Students are flitting in and out, collecting their passports and any forgotten items so that they can flee the country or at least get some respite away from exams and studies. Don’t forget us though! We shall still be here throughout the week. Working…

Since I hear the majority of you are flying to lands far far away (Italy, Spain, Holland etc…) I would like to share some pearls of travel wisdom of my own in an attempt to cheer myself up. I also hope that this serves as inspiration for the current ICLC students to write some pieces about their travels for this blog.


“No one realizes how beautiful it is to travel until he comes home and rests his head on his old, familiar pillow."


A quote I recently found and ‘favourited’ on Twitter. Quite frankly I don’t usually like deep and sentimental phrases but something about this one really hit home and made me smile. I’ve been fortunate over the last four years to have travelled quite extensively, telling friends and family it was imperative if I wanted to succeed with my language learning. I have volunteered in Costa Rica, run around a maze dressed as a clown – ‘working’ - on the island of Menorca, studied in Mexico (climbed some volcanoes too…) and I have worked in a rather up market hotel on the Amalfi coast in Italy. Diversity certainly appeals to me. As does a challenge. I liked arriving on foreign lands with a guidebook in hand and a rough idea of what to expect from the next few months. However it’s not until you land safely back in the comfort of your own home and look back on what you have learnt, achieved and more often than not struggled with that you really appreciate the distance you have travelled. Before I left for Costa Rica, a 17 year old angel (…) never would I have imagined that on my 18th birthday I would be teaching kindergarteners the “Happy Birthday” song, slaughtering chickens (for meat purposes) and dancing to Latin beats until the sun came up. What I’ve really learnt from these past few years is that anything really is possible. And probable. So why am I continuing to ramble about this to you? Well. Having been an international student on two different continents and having safely come out the other side of Higher Education, I would say that your University years are a truly educating experience and your time abroad will teach you as much about yourself as it will about others. Grab each and every opportunity, make the most of new experiences, try something new, because before you know it you will be resting your head on that familiar pillow wondering where all of that time went.


Have a fantastic mid-term break. Stay safe. Give your brain a well deserved rest. I've included some favourite photos of mine below...


Yep. That's me beneath the Gandalf costume...

Posted by Jessica Watson at 7:35AM   |  Add a comment
Students posing outside Warwick Castle

I've never written a blog before. I tried once. I was in Italy and thought that instead of continuously repeating myself I would record the ins and outs of my daily life online for my friends and family to read themselves. I wrote one entry. My "friend" kindly pointed out that I had used semi-colongs in the wrong places and I must admit that whilst I have been crowned the "grammar queen" of international languages - Spanish and Italian, let's not get too carried away here - I was ashamed to admit that my English perhaps needed a little wok. As the Fall 2012 students are all too aware, email is my preferred method of communication as I feel like I can be as formal - "to whom this may concern..." or informal as I deem necessary but a blog proposes the challenge of talking to a very wide audience, some of whom I have never met (hello stranger) and as I think I have demonstrated rather well already, I have a slight, OK, quite a large tendency to ramble...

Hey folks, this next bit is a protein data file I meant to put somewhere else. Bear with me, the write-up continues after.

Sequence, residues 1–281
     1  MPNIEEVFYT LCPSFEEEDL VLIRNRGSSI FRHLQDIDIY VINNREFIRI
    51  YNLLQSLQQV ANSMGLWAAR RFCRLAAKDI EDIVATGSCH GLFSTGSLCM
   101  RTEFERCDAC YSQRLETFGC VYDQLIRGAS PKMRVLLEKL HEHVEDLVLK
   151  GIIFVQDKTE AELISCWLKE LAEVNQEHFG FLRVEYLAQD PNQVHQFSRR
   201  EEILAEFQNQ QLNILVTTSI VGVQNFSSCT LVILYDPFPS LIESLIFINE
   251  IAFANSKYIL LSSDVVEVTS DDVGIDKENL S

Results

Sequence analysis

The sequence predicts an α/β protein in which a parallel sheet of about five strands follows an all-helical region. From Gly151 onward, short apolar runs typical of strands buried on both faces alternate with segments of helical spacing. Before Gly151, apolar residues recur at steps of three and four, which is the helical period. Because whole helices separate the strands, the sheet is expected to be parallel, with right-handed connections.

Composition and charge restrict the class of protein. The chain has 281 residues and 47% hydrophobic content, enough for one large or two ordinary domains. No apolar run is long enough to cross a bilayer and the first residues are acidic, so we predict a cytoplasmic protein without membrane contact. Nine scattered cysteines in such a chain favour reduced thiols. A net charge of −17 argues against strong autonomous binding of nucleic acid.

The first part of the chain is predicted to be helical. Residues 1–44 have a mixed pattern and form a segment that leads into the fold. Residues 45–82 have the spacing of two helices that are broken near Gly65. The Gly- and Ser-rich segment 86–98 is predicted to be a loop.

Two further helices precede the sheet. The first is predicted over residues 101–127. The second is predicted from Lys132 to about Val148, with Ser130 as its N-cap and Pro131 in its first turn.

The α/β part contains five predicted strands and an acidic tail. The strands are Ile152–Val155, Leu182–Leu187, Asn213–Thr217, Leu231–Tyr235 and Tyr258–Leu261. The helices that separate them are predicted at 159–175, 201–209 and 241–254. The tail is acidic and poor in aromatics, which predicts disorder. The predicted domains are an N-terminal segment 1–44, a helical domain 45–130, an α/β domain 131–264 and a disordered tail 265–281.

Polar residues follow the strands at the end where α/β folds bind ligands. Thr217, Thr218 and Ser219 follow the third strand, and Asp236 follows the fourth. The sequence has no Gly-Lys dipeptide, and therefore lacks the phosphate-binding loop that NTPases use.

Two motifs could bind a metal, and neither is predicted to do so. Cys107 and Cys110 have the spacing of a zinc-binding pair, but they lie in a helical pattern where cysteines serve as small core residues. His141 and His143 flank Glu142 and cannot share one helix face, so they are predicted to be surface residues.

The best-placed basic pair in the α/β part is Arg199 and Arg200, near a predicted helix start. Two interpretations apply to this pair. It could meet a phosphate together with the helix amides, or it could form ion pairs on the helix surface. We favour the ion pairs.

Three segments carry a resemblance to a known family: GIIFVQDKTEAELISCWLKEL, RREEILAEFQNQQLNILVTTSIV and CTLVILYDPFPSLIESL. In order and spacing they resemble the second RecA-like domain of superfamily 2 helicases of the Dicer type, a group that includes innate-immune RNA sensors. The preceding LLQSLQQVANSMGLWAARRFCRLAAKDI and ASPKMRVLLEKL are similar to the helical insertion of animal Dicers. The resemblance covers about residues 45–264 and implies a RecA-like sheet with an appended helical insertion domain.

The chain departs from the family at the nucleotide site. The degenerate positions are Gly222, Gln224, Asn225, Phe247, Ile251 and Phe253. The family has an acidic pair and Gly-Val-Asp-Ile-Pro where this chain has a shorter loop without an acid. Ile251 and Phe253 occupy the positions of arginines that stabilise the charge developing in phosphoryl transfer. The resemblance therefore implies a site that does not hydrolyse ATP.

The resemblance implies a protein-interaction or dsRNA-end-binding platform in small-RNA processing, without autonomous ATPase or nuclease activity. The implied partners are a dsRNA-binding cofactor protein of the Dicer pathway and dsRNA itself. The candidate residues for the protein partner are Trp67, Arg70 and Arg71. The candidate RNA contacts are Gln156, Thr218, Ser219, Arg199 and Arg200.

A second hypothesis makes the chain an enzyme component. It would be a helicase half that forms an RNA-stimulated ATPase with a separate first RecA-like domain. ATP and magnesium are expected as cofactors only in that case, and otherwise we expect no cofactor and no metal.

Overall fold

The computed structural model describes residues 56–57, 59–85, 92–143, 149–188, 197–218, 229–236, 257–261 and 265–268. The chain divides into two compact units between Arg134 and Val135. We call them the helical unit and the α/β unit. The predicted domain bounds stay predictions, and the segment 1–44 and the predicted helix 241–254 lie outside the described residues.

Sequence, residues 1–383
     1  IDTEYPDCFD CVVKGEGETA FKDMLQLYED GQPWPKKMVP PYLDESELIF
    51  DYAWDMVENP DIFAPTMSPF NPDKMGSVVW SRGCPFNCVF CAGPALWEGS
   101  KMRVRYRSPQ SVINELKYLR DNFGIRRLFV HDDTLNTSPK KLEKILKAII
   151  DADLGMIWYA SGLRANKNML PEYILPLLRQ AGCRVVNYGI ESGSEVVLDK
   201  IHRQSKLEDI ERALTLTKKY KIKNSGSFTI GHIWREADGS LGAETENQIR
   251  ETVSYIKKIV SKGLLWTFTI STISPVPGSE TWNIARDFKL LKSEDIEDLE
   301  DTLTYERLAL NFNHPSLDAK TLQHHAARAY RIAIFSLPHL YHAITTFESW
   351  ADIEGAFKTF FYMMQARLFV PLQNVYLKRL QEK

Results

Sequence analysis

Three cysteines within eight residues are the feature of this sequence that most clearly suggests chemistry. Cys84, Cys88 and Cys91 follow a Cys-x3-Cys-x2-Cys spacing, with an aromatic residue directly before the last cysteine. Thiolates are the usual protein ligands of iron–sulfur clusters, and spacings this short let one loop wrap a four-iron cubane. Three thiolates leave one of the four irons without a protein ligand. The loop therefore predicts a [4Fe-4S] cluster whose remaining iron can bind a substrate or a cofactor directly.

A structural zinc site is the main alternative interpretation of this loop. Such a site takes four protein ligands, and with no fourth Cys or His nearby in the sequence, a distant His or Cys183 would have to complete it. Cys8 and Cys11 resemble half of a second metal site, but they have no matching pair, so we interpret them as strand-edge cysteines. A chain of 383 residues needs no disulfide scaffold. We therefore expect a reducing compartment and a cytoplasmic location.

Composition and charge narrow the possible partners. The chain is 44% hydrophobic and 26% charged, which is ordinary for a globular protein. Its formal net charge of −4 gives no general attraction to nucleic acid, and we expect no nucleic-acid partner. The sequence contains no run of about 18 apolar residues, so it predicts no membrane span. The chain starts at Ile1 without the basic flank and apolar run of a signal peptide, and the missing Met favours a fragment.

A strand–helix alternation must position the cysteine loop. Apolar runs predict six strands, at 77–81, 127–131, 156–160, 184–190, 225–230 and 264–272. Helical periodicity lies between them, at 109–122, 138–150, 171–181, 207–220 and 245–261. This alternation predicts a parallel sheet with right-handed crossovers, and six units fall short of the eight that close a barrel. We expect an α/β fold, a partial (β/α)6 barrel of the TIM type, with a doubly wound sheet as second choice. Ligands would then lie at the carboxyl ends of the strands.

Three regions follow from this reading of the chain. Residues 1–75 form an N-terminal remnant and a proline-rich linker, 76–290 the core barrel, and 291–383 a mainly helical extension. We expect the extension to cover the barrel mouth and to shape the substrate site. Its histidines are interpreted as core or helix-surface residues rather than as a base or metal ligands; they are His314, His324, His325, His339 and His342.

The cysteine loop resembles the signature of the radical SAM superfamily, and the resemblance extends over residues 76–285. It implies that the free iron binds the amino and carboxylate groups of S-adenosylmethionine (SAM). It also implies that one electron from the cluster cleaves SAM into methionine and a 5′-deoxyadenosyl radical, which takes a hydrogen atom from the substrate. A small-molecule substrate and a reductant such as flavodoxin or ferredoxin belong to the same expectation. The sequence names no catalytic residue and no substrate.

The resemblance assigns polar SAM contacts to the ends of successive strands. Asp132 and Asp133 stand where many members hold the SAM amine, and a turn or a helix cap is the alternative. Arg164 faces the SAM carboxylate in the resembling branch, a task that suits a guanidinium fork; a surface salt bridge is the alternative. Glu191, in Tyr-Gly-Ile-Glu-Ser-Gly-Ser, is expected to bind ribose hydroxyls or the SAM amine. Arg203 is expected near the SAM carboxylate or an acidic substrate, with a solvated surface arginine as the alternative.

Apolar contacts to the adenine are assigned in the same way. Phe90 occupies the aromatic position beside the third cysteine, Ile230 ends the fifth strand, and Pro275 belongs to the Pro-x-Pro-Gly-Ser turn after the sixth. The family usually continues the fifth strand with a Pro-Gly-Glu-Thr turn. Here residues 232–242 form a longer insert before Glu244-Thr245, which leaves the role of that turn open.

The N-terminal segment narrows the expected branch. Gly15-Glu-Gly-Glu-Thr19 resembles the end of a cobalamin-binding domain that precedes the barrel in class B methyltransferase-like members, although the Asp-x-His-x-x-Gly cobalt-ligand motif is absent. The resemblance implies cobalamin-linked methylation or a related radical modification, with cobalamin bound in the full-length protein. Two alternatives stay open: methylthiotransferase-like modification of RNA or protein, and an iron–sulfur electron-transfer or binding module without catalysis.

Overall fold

I've not even properly introduced myself. I am Jessica - or Jess (not Jessie or else I feel like the cowgirl from Toy Story 2) - the new Programme Coordinator at Ithaca College London Center. I recently graduated from University where I studied Spanish and Italian and so I have first-hand experience of what it feels like to study here in the UK and abroad. [Note to current students: (<-- correct use of colon?!) come and find me in the Front Office. I'll swap stories about Italy if you tell me about yout travels in Europe. I'm already quite envious of your adventures overseas.] It's also worth noting that surprisingly I am the only English member of the admin staff, but contrary to what you may believe after watching all those Hollywood movies, being the token English girl by in no way means that I; 1. talk like Keira Knightly, 2. look like Keira Knightly, 3. live in a palace/castle/stately home and nor am I 4. an evil butler.

I have been told that I have free reign over this blog. Kindly passed on by Claire, ISee Elsie is like my adopted child and I am expected to take care of her in the same way as my predecessor did. I like her so far but then again, so far all I have done is talk about me and I like me so, so far so good right? I should probably talk a bit more about the London Center. I suppose that this space is for people other than me. I did warn you about my ramblings. However if you do want to find out mroe about the life of Jess then pop into my office, bring a brew (northern slang for a cup of tea. I'm not actually northern.) and pull up a chair. I do love a good gossip. And tea. And perhaps some digestives? Sorry, I'm talking about myself again...

So last weekend I was taken on my first trip away from London. Having prepared the packs, organised the rooming list and got everyone on the coach - after apologising to Colin for spelling his name wrong (it was an accident, I promise!) - we were all set to go. First stop --> Warwick Castle! Now you would think that after flying all that way across the Atlantic the students would be impressed by such a grand and prestigious building, but no, these students were quite entertained by the local wildlife...